Expectations…and Revelations

ImageDid you ever have one of those Aha! moments? Well, I did the other day. It didn’t exactly happen all of a sudden; it kind of continued to reveal itself to me as it was happening. It was like a holyshitIcan’tbelieveIamjustnowrealizingthis kind of thing, and it was brilliant. My mom and I were having a discussion about the expectations in grief- the ones we put on ourselves. Here is the story of my epiphany…

As most of us likely do, we compare our grief to the other grievers around us- past or present. My mom has certainly been looking at hers and wondering if she should be “further” along/why she is still grieving so intensely? I have been looking at mine and wondering why I appear to not be grieving more deeply? I loved (love) my dad with every fiber of my being- there is no question about that, so it seemed natural to me that I “should” (there’s that crazy word) be crying more, or angry more, or just overall way more sad than I appear to be. And it’s crazy for either one of us to be questioning these things. We understand that intellectually. But it’s the nature of the beast.

Mydadisinhospice anticipatory grief to my now in full swing grief has ebbed and flowed. However, I strongly recall having moments of absolute peace in my heart even when my dad’s body continued to attack him and I had no idea where that feeling was coming from. I even mentioned it a couple of times to my mom. Just a little more than a year later, and I still am able to get through most days with relative ease. Don’t get me wrong, I am fully capable of dropping to my knees in a puddle on the floor in complete agony and missing-ness, but on the whole there is a peace to my grief. And that’s when the thoughts and words started to connect. The way in which I am grieving speaks to the nature of the relationship I had with my dad. It was calm, relaxed, and moved with ease. As I began to explain this to my mom, I could see a look of deeply rooted knowing move across her face. Of course. It made perfect sense. We began to look at the dynamic of relationship and grief among others who loved my dad, and we continued to see a link.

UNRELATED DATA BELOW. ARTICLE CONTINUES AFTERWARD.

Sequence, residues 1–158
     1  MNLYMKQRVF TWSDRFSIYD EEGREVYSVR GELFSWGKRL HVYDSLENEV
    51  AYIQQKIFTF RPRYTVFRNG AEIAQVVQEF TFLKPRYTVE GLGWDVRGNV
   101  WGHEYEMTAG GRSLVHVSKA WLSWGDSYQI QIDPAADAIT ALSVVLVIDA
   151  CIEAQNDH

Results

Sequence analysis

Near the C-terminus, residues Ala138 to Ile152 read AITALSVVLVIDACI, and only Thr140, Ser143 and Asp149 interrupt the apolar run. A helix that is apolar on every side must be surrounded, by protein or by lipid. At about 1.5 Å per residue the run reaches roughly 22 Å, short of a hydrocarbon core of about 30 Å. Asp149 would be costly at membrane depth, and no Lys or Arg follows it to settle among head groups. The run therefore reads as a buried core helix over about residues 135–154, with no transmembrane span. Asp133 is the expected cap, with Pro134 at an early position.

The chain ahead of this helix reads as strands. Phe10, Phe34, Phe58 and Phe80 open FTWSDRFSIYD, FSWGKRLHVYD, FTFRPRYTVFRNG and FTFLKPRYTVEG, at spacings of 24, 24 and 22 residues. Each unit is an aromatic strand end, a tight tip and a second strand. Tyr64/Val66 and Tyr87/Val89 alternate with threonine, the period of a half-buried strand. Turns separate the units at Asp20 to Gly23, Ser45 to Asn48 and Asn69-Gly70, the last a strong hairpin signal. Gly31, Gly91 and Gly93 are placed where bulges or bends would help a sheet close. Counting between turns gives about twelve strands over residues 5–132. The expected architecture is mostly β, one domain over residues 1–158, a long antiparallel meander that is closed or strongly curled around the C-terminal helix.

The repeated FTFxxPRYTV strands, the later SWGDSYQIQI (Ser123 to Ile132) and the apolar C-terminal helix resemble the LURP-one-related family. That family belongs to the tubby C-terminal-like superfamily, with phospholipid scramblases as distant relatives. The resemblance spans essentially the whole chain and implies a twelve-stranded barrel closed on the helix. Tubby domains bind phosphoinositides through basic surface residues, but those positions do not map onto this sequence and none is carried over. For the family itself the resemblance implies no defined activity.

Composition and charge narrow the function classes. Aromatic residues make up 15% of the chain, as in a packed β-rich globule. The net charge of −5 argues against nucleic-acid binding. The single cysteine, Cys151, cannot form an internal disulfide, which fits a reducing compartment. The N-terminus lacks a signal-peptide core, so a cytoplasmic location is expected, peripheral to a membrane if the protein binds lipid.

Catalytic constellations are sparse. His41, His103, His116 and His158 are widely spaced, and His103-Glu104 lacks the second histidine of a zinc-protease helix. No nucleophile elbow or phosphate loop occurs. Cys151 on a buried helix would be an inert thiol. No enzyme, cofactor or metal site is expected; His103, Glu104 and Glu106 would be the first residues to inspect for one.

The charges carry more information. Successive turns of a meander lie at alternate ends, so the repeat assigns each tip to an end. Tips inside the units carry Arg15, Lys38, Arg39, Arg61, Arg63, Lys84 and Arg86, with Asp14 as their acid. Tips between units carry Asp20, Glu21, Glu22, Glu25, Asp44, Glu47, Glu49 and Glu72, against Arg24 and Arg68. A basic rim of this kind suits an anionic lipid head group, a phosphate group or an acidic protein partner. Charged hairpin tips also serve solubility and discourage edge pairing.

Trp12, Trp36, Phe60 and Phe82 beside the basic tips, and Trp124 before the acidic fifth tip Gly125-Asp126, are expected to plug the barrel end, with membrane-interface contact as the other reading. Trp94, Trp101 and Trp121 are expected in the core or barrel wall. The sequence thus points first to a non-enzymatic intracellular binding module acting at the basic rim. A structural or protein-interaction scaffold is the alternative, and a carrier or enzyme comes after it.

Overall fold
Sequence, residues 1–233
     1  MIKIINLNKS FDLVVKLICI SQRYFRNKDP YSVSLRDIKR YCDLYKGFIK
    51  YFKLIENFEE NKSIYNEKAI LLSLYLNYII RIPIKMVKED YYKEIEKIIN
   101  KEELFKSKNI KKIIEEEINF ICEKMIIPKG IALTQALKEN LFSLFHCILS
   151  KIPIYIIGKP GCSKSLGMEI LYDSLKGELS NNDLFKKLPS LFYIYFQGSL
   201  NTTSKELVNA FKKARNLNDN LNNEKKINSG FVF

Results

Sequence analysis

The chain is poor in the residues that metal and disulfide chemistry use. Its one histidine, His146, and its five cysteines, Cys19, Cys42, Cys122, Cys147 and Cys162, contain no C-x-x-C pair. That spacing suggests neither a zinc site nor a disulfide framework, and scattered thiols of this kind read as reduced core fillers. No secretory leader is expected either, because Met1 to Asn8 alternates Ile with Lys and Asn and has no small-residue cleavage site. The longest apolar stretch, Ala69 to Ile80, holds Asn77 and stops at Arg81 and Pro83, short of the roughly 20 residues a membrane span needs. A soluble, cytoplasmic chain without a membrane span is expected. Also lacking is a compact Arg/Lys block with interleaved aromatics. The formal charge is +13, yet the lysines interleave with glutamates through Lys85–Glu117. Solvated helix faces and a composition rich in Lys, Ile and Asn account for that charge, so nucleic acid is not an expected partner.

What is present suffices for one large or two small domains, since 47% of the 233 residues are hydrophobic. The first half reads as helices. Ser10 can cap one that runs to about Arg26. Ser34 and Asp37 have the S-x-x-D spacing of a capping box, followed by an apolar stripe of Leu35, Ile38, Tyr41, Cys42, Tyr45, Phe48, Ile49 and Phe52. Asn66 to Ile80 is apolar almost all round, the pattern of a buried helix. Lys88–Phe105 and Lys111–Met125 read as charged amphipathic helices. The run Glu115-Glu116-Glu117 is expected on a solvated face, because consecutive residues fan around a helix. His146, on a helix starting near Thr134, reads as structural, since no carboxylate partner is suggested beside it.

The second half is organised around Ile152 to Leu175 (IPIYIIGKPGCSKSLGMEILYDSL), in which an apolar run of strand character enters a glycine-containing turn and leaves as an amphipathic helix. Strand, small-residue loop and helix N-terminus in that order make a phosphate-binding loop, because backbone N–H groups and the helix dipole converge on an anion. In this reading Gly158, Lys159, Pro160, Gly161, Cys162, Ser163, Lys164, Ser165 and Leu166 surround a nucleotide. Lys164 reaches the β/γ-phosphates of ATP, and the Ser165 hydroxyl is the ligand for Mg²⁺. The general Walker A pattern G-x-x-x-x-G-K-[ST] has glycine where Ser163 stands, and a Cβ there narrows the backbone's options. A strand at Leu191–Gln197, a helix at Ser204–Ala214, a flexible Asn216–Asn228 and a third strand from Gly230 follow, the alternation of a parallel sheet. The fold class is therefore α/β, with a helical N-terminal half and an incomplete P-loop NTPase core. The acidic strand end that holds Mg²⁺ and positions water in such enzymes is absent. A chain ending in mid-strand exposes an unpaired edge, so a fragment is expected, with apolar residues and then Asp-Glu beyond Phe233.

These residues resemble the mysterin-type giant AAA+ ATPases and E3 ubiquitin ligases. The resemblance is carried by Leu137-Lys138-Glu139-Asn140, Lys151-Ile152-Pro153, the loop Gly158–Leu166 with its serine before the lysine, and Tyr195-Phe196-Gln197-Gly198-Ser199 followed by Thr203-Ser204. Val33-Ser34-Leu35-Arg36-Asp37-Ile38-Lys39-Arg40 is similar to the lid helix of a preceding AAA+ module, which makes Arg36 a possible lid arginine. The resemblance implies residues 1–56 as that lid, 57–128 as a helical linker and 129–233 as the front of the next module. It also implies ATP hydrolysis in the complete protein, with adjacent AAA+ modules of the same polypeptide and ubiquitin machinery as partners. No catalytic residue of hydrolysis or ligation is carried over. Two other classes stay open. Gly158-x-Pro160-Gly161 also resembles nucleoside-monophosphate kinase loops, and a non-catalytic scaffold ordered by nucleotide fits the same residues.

The scientific community and the metaphysical/spiritual community both know and agree that energy exists- beyond what the human eye can see. And that energy doesn’t die. It adapts, moves, and changes. Yes, my dad died. But the energy that we shared and moved between us didn’t. It had to go somewhere. It just simply took on another form- by way of my grief. I still very much carry the energy of my relationship with my dad. No, it’s not the way I would prefer it to be, but it is there. And that’s some pretty fucking powerful stuff.

So no more judgement. No more comparing. My grief is exactly what it is supposed to be. And yours is exactly what yours is supposed to be. The. End.

*Perhaps a psychology journal will publish my revelation…*


4 thoughts on “Expectations…and Revelations

  1. Yes, You do understand. This is what I found after my second girlfriend died. It made it easier when my father died. You did explain it correctly.

  2. Finally, it makes sense to me why I am grieving the way I am. I am like you and have not been crying very much and very calm, more so then I thought I should be after losing my husband. But I have always been the crier which is why I thought it was strange.

  3. It is only now that you have this realization, because you were ready to receive it and accept it with gladness. I am so glad you are able to share these things with your Mom, My pink friend. She knew all this before, but was so blocked with grief that she could not receive it. She is now ready. Since the suicide of my Son Brent on March 3 this year, I have been amazed with the strength from that spirit world that is around us. It has held me fast in faith that it will not leave me ever. I am now able to look at a picture of his beautiful face and not fall apart. I have moments still, but because I was so open to receive that strength and peace, It was given to me right away. I know he watches over me and the love connection is there, if not stronger now. I have every confidence that I will look upon that smiling face and see him one day. We don’t have to explain to anyone why or how we grieve unless it will help them in their grief. But it is as it is for each person who has to deal with the experience. Maybe some day I will have answers, then again maybe it won’t be necessary. I am what I am, no excuses. I am setting boundaries to protect my space and it feels good. If there is one thing I learned from my sweet Brent during the 6 weeks he was in my home, it is to be true to yourself and always speak the truth to other. Give your mom a big hug for me and know that I love her special. D

Talk to me~

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